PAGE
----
Chambers’ world is bright and vivid, and each of her stories really focus on one thing: identity in a chaotic world. There’s elements of these books that are gritty and decidedly not optimistic — murder, child slavery, wars, famine, climate change, etc. But it's her focus on how people forge their own identities or build loving communities around them that makes her stories stand out. These aren't adventures of people fighting against the inequalities of the world, but building better futures for themselves and those around them. Each book focuses on a whole range of elements to this: gender, religious, and sexual identity, and for the most part, her characters are free to both exhibit themselves and their identities as they see themselves. They're challenged not by people trying to tear them down, but of the larger, structural problems that they encounter, things like pushing against a society that is resistant to change in Record of a Spaceborn Few, or helping a character discover who they are and to be comfortable in their own skin in A Closed and Common Orbit.
There’s a lot to learn from these books, because what Chambers isn’t doing is ignoring the structural problems that societies face, but folds them into her world, where characters simply have a different mindset and approach to addressing the issues in their world. They’re not afraid of their neighbors, strangers, or literal aliens: they recognize the potential that can occur when people of all types come together into a community. That, I think, is something we all could use more of, in fictional and in real worlds.
There were two long reads that came out since my last newsletter that I’d like to point to. The first is by Brian Merchant in Medium: “Nike and Boeing Are Paying Sci-Fi Writers to Predict Their Futures”. Merchant takes a look into the world of corporate storytelling, where companies like the aforementioned hire specialists — science fiction writers — who help come up with plausible futures. This isn’t just an exercise in vanity on the parts of Nike and Boeing: given the scale of the companies, it makes sense to have some sort of idea of the world that they’ll be operating in, not only from a data and analytical standpoint, but an emotional one as well.
The other one is a fantastic profile of writer N.K. Jemisin in Vulture, written by Lila Shapiro. I’m a huge fan of Jemisin’s — I really liked her debut novel The Hundred Thousand Kingdoms, but I was even more impressed with her latest epic, her Broken Earth trilogy, which I’ve written about at length for The Verge. Jemisin has earned some well-deserved acclaim for her works because of her approach to science fiction and fantasy literature. The Broken Earth trilogy blends elements of science fiction and fantasy, and Vulture notes that her works pull in some considerable — and much-needed — social commentary. “If I write about dragons,” She tells Shapiro, “I’m writing about dragons as a black woman, and it’s fucking political.”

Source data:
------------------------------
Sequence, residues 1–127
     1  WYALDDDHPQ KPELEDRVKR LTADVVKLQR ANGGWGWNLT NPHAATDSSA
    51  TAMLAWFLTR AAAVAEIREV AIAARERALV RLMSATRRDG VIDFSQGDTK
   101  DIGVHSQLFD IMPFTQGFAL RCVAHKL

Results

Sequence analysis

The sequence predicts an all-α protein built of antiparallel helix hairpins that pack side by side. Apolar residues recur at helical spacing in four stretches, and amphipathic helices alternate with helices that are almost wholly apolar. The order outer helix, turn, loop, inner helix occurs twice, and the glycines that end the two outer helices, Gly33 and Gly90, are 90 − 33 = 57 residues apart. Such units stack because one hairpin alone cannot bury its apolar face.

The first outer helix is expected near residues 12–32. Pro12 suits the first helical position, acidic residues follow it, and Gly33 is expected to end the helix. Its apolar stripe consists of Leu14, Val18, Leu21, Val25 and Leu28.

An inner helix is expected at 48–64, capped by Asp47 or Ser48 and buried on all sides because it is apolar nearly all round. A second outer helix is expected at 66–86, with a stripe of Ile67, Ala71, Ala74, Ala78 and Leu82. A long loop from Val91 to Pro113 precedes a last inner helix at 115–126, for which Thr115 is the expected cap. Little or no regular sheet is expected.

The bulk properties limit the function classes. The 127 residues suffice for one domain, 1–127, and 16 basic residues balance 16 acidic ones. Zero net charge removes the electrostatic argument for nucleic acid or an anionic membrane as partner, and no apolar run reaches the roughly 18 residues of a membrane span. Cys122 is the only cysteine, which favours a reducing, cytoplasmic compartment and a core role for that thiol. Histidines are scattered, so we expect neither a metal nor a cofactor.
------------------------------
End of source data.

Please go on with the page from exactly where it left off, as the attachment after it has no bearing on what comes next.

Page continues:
This is something that’s badly needed, in my view — while there are certainly contingents of fans who maintain that they want their fiction to be apolitical, that’s something that really doesn’t exist. There’s a disparity in how people view SF/F — the white, conservative futures that came out of fiction in the 1950s is a political future, and Jemisin is pushing against a history of momentum, both exposing that “traditional” attitudes toward fiction has its own agenda, but also that it’s … not the only viewpoint or approach to fiction that’s out there. Which is apparently upsetting to people, particularly stalwarts in the genre like Robert Silverberg and Gregory Benford.
A couple of other things that I wrote for The Verge that I’ll steer you towards: I spoke with Nightflyers showrunner Jeff Buhler about adapting George R.R. Martin’s original novella. I recently read the story, and it’s fine — there’s some awkward racial things in it, which hopefully the TV show will fix. I also posted up December’s book list, of which there are some interesting ones coming out this month.
Since my last letter, I’ve since finished R.E Stearns’ Mutiny at Vesta. I might have a longer review of that at some point — she has some interesting takes on AI, but the long and short is that it’s not as good as Barbary Station, which I really adored. I like the world, I liked the story and action, and most of all, the characters, but this one just felt like it dragged just a little too much, and that it probably could have been slimmed down a little to tighten up the focus a bit. Still, I’m really looking forward to whatever she has coming up next.
I’m currently reading Jemisin’s new collection, How Long ‘Til Black Future Month, which is fantastic — if you want a good taste, go head over to Tor.com and read her 2016 short story “The City Born Great”. It’s a good one. I’m also working on Lavie Tidhar’s Unholy Land, Larissa Lao’s The Tiger Flu and Robert Jackson Bennett’s Foundryside, and I'm hoping to get to John Scalzi's The Consuming Fire at some point before the end of the year. And Richard K. Morgan's Thin Air.
That’s it for now — I need to pack for a quick trip to Toronto this week (more on that later). As always, thank you very much for reading — I appreciate the responses and the word of mouth that has bubbled up. If you find this useful or enlightening, forward it on or tell a friend about it.